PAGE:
It’s easy to associate vectors with flat shapes – but creating Illustrator images with real depth needn’t be a headache. In this tutorial, Thomas Burden (who works under the name ...There Will Be Unicorns) shows how you can create striking, vibrant work in Illustrator using a simple colour palette and basic blur effects – particularly Illustrator’s built-in Gaussian Blur effects.
Along the way, you’ll also learn how to bring simple shapes to life, and how to create charming characters and elements, using only basic Illustrator and Photoshop.
Shading elements in Illustrator with the Gaussian Blur leaves your objects completely editable. Once you’ve scaled these elements to the right size, you can import them into Photoshop for a quick brightening up and some tweaks to layer blending modes and styles.
The net effect is fresh, clean and irresistibly cheerful.
It’s a good idea to start by sketching on paper: I find it easier and quicker to mark out rough compositions and characters or elements by hand first. These are very rough, though, and I don’t even bother scanning them in, preferring
to take snapshots with a digital camera for speed. Scan yours in if you prefer.
Loosely trace these jottings in Illustrator, using the basic Shape tools in combination with the Pen tool to keep a uniform and simple look to all the elements. Then choose a colour palette – keep this as simple as possible. I usually use no more than 10 colours. Use these as a base to work with while getting the major compositional elements in place.
We’ll focus on creating one element, as almost everything is created using the same process. Open Rainbow Volcano.ai from the CD in Illustrator. Then select Illustrator > Preferences > General. Tick the box marked Scale Strokes & Effects.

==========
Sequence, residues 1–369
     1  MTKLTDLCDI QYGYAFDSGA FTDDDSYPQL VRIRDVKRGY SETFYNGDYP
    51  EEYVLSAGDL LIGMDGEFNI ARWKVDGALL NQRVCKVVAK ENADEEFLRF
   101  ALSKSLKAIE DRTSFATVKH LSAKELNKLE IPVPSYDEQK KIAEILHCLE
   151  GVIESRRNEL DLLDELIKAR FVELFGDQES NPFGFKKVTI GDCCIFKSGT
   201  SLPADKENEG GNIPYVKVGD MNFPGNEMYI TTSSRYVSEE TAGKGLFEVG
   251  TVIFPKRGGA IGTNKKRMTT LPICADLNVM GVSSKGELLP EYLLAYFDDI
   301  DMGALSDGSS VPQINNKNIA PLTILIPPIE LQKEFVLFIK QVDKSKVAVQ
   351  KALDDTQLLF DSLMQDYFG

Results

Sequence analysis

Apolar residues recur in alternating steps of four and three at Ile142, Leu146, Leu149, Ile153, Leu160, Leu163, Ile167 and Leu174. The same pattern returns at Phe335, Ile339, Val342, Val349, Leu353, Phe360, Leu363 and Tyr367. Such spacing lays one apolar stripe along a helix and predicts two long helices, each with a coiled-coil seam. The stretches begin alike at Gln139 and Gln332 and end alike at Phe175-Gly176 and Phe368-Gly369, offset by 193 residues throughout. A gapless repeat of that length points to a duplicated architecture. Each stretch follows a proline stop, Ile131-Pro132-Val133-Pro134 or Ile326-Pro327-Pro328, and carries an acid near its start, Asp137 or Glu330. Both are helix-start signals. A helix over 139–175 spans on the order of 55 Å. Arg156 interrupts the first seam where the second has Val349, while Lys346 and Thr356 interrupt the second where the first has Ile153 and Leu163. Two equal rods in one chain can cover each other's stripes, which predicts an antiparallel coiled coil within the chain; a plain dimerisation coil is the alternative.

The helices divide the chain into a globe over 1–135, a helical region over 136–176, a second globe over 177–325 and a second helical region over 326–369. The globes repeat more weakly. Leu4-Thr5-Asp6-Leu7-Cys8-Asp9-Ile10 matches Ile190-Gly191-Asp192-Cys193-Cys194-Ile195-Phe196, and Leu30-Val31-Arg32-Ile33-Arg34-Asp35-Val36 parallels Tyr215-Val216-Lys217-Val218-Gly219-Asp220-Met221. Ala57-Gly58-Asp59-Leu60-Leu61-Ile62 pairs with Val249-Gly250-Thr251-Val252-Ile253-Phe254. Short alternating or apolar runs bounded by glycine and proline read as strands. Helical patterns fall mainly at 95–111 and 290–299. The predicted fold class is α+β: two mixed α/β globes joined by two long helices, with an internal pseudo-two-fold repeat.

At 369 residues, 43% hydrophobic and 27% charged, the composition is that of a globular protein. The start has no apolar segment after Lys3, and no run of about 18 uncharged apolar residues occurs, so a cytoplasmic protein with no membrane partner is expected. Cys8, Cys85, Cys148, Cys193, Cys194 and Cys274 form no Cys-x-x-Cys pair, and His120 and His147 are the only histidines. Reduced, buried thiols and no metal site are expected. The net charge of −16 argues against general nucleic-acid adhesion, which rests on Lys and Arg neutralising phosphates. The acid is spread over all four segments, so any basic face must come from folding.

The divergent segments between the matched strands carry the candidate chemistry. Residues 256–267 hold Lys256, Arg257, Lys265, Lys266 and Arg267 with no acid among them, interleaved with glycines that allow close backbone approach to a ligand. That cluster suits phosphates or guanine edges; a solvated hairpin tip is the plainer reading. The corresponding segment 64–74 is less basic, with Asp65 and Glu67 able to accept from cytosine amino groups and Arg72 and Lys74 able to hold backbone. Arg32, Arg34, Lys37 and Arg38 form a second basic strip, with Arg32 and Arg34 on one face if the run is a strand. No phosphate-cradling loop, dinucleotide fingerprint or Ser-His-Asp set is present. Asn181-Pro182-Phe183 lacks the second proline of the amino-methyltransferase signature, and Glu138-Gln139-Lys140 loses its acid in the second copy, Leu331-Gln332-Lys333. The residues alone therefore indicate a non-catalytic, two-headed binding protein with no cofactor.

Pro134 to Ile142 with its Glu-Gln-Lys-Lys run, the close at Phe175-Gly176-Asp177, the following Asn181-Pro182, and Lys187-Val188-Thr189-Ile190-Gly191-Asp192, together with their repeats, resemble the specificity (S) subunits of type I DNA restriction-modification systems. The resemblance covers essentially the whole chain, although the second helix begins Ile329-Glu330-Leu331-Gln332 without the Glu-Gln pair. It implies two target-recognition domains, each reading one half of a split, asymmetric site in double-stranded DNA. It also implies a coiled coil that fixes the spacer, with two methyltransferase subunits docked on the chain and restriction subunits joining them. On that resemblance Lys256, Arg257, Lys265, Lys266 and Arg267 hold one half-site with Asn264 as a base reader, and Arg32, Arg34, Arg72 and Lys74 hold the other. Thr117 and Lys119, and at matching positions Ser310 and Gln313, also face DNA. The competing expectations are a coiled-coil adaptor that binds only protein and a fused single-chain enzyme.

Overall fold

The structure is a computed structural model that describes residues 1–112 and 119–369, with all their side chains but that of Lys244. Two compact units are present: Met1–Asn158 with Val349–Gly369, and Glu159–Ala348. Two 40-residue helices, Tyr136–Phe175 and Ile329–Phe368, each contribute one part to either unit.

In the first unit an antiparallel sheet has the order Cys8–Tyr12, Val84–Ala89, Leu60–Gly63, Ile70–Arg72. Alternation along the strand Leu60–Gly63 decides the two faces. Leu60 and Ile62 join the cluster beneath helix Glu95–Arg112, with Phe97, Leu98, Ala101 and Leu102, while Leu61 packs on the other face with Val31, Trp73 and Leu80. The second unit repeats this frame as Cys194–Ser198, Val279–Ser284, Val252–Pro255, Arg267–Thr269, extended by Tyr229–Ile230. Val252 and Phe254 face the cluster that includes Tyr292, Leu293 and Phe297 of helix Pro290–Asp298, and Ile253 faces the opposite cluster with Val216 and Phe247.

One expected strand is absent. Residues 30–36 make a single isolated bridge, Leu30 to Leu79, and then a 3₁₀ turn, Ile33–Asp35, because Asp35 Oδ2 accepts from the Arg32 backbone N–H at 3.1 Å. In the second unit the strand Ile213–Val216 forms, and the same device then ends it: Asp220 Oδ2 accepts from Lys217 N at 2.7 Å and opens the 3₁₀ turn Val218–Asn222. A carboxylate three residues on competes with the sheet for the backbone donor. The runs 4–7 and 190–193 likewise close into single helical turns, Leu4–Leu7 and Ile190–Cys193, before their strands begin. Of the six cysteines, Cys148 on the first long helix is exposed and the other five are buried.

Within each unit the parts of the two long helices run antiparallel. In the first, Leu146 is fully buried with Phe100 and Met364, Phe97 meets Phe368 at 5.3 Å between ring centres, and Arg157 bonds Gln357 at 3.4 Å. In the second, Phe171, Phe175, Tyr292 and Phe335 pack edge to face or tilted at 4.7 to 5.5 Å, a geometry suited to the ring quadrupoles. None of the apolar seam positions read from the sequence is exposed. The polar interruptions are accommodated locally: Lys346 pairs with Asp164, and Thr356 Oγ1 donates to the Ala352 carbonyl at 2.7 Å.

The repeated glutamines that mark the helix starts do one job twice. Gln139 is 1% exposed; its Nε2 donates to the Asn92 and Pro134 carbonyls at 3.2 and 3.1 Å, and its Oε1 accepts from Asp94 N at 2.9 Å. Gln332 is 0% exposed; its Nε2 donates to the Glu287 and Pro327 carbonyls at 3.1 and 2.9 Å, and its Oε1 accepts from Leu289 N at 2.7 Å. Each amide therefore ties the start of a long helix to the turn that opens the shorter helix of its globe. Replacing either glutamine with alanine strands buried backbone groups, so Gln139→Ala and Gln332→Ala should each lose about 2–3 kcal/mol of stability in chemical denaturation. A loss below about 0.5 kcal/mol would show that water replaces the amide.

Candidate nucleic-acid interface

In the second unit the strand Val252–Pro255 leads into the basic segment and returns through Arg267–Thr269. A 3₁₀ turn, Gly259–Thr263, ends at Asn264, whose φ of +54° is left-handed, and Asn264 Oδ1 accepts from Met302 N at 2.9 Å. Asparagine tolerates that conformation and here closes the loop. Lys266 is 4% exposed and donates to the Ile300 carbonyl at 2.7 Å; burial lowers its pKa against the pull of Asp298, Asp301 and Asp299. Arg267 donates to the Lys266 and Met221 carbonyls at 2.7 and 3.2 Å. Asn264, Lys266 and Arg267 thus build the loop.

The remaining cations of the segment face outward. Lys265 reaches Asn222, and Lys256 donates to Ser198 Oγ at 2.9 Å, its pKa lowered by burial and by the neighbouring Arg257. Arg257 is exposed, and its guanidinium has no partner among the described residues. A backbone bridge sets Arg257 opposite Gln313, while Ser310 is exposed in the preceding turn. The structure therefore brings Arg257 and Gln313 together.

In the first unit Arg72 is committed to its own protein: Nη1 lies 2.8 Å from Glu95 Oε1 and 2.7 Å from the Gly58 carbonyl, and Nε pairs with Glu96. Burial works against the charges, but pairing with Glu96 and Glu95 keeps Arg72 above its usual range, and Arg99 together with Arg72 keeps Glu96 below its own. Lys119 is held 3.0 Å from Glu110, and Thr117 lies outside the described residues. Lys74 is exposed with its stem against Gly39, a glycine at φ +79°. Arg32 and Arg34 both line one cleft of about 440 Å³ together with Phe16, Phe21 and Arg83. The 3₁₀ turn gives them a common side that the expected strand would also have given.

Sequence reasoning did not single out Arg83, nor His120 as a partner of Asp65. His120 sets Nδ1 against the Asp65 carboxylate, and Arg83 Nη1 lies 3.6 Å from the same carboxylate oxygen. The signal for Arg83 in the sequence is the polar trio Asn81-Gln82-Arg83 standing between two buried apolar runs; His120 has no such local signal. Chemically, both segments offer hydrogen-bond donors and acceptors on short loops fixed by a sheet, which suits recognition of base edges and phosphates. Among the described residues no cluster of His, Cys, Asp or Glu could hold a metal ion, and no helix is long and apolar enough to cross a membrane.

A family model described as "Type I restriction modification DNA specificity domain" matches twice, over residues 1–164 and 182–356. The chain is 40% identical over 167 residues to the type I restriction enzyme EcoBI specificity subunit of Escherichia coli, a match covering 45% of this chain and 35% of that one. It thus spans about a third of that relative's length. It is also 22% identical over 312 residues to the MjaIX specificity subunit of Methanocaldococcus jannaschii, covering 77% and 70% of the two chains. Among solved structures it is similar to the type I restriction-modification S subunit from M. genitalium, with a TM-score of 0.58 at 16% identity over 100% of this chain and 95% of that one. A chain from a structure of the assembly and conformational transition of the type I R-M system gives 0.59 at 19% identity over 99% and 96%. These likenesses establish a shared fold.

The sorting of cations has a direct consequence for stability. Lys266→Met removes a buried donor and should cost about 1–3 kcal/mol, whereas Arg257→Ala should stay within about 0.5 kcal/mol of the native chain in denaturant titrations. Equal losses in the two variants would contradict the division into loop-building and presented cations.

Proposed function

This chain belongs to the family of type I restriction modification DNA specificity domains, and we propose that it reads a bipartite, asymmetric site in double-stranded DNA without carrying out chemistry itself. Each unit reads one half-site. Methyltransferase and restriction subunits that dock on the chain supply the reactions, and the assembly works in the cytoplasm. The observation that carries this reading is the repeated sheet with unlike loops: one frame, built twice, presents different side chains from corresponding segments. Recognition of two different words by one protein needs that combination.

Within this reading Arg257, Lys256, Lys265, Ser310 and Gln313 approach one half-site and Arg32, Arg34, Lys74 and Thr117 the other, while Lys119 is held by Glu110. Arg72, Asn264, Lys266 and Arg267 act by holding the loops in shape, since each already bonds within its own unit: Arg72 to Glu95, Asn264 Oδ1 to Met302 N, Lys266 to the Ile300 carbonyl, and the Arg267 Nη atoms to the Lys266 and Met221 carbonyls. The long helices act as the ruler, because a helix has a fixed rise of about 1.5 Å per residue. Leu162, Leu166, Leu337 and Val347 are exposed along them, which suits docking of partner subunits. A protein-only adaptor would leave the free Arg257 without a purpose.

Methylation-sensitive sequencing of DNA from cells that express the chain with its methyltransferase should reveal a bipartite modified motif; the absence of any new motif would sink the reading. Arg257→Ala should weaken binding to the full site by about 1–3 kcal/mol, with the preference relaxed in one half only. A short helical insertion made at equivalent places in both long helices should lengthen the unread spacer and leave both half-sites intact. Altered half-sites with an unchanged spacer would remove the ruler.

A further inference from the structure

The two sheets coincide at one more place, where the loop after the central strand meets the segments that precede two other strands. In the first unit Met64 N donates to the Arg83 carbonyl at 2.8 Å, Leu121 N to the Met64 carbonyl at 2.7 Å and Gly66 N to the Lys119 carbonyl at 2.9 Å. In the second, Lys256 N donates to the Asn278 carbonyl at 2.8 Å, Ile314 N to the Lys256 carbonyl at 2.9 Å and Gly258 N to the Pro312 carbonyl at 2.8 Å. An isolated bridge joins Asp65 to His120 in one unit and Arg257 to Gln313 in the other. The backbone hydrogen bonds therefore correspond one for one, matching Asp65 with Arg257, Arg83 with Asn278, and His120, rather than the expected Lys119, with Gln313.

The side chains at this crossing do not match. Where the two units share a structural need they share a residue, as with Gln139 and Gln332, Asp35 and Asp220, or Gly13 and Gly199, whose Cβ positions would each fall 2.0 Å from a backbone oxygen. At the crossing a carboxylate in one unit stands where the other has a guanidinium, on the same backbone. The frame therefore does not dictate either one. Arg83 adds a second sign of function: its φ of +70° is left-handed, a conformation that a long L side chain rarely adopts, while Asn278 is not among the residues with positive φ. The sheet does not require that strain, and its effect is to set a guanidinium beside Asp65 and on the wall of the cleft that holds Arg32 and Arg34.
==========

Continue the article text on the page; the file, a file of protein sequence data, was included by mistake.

This ensures that any stroke and effect applied to an object will scale relatively to the object it is applied to – which is key here, as adding strokes and effects is the bulk of what we’ll be doing.
Select the red shape that I created from a basic rounded rectangle shape. This will form the base of the rainbow volcano, and, once shaded, coloured and duplicated, will form the rest of it too. Hit Cmd/Ctrl + G to group the object and double-click it to enter the group.
Now draw a highlight line with the Pen tool (P), just inside the top left of the shape, with a white stroke and a thickness of 3.5px with rounded ends.
With line selected click Effect > Blur > Gaussian Blur and set it to 10. You will see the effect appear in the Appearances panel on the right. If this is not open then select Window > Appearance from the menu or use Shift + F6. Double-click the effect in the appearances panel at any time to edit it.
Now reduce the opacity of the line to 29%. There you have it – a highlight.